Lowey Presents Overdue Medals to Tarrytown WWII Veteran

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by Morey Storck

Nita Lowey and WWII Veteran
Tarrytown resident Leon Gutherz, 91, enjoys moment with Congresswoman Nita Lowey.

Tarrytown resident Leon Gutherz was awarded five medals, due to a neighbor’s interest and initiative, albeit 70 years late. It was during an outside gab session one afternoon that Gutherz happened to mention his war record to one of the group. She immediately picked up on it, felt he definitely deserved recognition, copied his discharge papers, put the request in writing, and sent the package to Congresswoman Nita Lowey.

On May 12 in her White Plains office, the congresswoman presented five awards to Gutherz, saying,  “I am so proud to be a citizen of the United States of America and present these medals to a person who has served with distinction so that we can live in liberty here.”

Gutherz, 91, joined the Army right after his high school graduation. During his senior year he was approached by a U.S. Army recruiter.  He was offered the opportunity of a college education and, in return, would be required to join the Army, much like the ROTC program today. “I just had to take an exam and they’d put me into college.  So, I took the exam. Did well, and just like that I started at Alfred University in Engineering,” Gutherz said. “I was there until the Battle of the Bulge broke out in Europe.”

At that point, the Army felt they needed all the manpower they could get right away. Once more Gutherz was approached by the Army. While having completed just one year at Alfred, he was asked if he wanted to become a paratrooper. “Hey, what did I know? I was just a little Jewish kid from the Bronx, so I said okay.”

He left college and entered infantry training.  With that completed, Gutherz was transferred to Ft. Benning, Georgia, and then to the 11th Airborne Division and the Army Airborne Pathfinders (Angels), an elite intensively trained and selective unit, for which Gutherz also volunteered.

The Pathfinders would set up visual and electronic navigational aids to mark the parachute drop zones and allow the pilots to “home in” on the correct location to drop the airborne soldiers in a concentrated pattern.  Their battle cry was ‘First In – Last Out’, never leaving the scene of combat until all are safe.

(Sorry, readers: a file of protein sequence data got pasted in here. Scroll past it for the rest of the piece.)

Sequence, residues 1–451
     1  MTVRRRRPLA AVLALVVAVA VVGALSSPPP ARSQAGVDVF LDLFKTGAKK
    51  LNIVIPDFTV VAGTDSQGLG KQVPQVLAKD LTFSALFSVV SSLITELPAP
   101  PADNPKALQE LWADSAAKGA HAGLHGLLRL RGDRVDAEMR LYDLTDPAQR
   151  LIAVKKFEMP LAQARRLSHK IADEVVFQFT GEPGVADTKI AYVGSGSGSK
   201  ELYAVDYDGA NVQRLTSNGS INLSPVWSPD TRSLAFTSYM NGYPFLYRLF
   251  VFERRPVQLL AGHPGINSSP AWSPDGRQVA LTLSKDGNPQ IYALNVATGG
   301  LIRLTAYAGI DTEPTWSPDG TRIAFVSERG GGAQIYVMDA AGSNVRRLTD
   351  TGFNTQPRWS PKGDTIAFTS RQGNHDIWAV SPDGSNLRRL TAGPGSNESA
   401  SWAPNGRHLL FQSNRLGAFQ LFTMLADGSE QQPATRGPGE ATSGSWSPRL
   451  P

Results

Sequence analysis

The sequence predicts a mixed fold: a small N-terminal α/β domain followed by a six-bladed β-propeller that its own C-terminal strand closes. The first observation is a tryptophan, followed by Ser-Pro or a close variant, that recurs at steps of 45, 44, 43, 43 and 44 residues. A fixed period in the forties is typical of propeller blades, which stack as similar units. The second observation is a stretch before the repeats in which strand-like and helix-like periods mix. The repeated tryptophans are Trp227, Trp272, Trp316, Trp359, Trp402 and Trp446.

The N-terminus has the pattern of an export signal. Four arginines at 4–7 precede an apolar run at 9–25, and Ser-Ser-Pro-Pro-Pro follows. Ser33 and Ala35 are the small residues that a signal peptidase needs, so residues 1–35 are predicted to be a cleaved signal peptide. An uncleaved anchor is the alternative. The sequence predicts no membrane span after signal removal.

The division was held in reserve in the United States for the first half of 1944. In June, the division was transferred to the Pacific Theater of Operations. The division’s first airborne operation was a combat drop on the Tagaytay Ridge, February 3, 1945, with the drop zone around the Manila Hotel Annex. Later, the division participated in the Liberation of Manila, and after that, divisional paratroopers conducted a raid on the Los Banos internment camp, liberating more than 2000 civilians. The 11th Airborne and Pathfinders’ last WWII combat operation was in the north of Luzon aiding combined American and Philippine forces who were battling to subdue the remaining Japanese resistance on the island.

General MacArthur had made plans to use the 11th Airborne Division in the invasion of Japan, but after the detonation of two nuclear bombs, the division was instead selected to lead the forces that would occupy Japan. “Whew! Just missed that little invasion party,”joyfully commented Gutherz. The 11th Airborne had been stationed on Okinawa following their last combat operation, waiting for MacArthur, but on August 28th it was ordered to Yokohama, Japan as part of the occupation force. Four years later it was recalled to the U.S.

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